Lilly Campbell. “Simulation genres and student uptakes: The patient health record in clinical nursing simulations.”  Written Communication, 2017.

Best Article on Pedagogy or Curriculum in Technical or Scientific Communication
Lynda Walsh. “Visual invention and the composition of scientific research graphics: A topological approach.”  Written Communication, 2018.

Best Article on Philosophy or Theory of Technical or Scientific Communication
Jordan Frith. “Big Data, Technical Communication, and the Smart City.”  Journal of Business and Technical Communication, 2017.

Best Article Reporting Qualitative or Quantitative Research in Technical or Scientific Communication
Julie Watts. “Beyond Flexibility and Convenience: Using the Community of Inquiry Framework to Assess the Value of Online Graduate Education in Technical and Professional Communication.”  Journal of Business and Technical Communication, 2017.

ATTW 2019 Research Methods Workshop Participants

The following graduate students and faculty participated in the 2019 ATTW Research Methods Workshop, “Using Narrative Inquiry Methods in Technical Communication,” led by Natasha N. Jones, University of Central Florida & Miriam F. Williams, Texas State University.

G. Edzordzi Agbozo Michigan Technological University
Sweta Baniya Purdue University
Lorelei Blackburn Michigan State University
Shanna Cameron University of Memphis
Ryan Cheek Utah State University
Chris Dayley Utah State University
Isidore Dorpenyo George Mason University
Tammy Gitto Valencia College
Laura Gonzales The University of Texas at El Paso
Cana Uluak Itchuaqiyaq Utah State University
Temptaous Mckoy East Carolina University
Ryan Murphy Purdue University
Mason Pellegrini Purdue University
Sarah Prielipp Michigan State University
Danielle Stambler University of Minnesota-Twin Cities
Erica Stone Texas Tech University
Sean Williams Clemson University
Charles Woods Illinois State University

The Research Methods Workshops, offered since 2010, are an initiative of the Association of Teachers of Technical Writing (ATTW) aimed at providing an opportunity for those entering the profession and those interested in developing more sophisticated research skills. Participation in these workshops is awarded on a competitive basis and constitutes a place on the ATTW program.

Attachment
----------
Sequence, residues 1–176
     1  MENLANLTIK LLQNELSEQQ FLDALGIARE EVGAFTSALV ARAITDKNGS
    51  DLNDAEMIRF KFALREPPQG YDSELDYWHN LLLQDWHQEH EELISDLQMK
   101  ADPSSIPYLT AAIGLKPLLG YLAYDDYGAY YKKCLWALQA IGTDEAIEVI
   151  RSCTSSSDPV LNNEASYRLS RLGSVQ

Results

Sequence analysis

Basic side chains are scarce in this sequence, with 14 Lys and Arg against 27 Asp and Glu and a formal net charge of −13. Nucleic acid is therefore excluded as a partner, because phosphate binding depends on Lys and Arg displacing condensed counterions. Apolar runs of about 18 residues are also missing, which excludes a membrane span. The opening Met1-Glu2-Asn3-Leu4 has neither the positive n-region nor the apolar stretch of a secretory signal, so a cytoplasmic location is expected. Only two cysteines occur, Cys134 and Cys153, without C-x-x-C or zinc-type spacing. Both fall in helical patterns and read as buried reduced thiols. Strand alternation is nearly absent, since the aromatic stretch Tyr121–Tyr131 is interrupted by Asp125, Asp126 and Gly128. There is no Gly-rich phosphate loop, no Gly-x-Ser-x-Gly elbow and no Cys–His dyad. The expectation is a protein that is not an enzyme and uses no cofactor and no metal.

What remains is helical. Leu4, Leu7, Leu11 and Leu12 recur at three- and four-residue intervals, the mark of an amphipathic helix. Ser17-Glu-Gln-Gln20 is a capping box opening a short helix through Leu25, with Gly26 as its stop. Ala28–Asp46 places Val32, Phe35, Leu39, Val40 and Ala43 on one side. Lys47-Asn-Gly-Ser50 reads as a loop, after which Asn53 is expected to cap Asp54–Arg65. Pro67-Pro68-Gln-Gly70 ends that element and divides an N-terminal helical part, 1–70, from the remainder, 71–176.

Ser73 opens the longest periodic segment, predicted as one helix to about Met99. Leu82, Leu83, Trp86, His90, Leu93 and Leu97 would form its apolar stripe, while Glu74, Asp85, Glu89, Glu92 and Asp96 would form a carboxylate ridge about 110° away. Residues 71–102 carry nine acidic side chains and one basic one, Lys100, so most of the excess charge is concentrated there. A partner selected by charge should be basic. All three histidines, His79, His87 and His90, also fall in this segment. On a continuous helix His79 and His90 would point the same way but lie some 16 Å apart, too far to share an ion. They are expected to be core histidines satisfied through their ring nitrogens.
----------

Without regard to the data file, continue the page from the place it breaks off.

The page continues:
2019: Cheryl Geisler and Mark Zachry

Citation for Cheryl Geisler
Elevated to ATTW Fellow, March 2019
by Bill Hart-Davidson

Today we join a chorus of colleagues and organizations who have honored the career contributions of Dr. Cheryl Geisler by elevating Cheryl to the rank of Fellow of the Association of Teachers of Technical Writing. Cheryl’s contributions to scholarship in the field are rich and copious. Her rigorous work has consistently served as a benchmark for investigations of the way experts and academics write, work together, incorporate technologies into their practice, and balance the demands of work with other aspects of their lives. As Cheryl’s own career advanced, she moved into a series of leadership roles in the institutions where she worked, including as Department Head and Dean. Her inquiry merged with her dedication to being a resource for those she was charged to lead, and today Cheryl is well known across disciplines for her outstanding work on faculty development, and especially in the area of making inclusive career paths for women in the academy.

The ATTW has of course enjoyed the benefit of Cheryl’s leadership to our organization as well. She has been the architect of our graduate student professional development efforts in ATTW during her more than ten years of service as chair of the Research committee. She created our research methods workshops for graduate students and advocated for ATTW to fund travel fellowships so students could attend these full day sessions with leading researchers in the field. She has sought out those scholars in the field whose work has been recognized for its methodological quality and novelty to lead these workshops each year, ensuring that our best researchers connect with graduate students in the formative stage of their own careers. We are deeply grateful to Cheryl for her dedication to this program and to the broader effort of making ATTW a professional home for students and faculty by supporting their learning.

We are, in truth, a little late to the party when it comes to recognizing Professor Geisler’s transformative contributions to the field of rhetoric, writing, and technical communication. You may know, for instance, that the Rhetoric Society of America has an award that recognizes outstanding contributions to mentoring. That award is named for Cheryl! The program she started at RSA to assist junior faculty in finding mentors who could scaffold their career growth – particularly when they were in institutions where they might be the only rhetoric or technical communication scholars in their department – have helped many, many people in our organization and in the field to grow successful careers.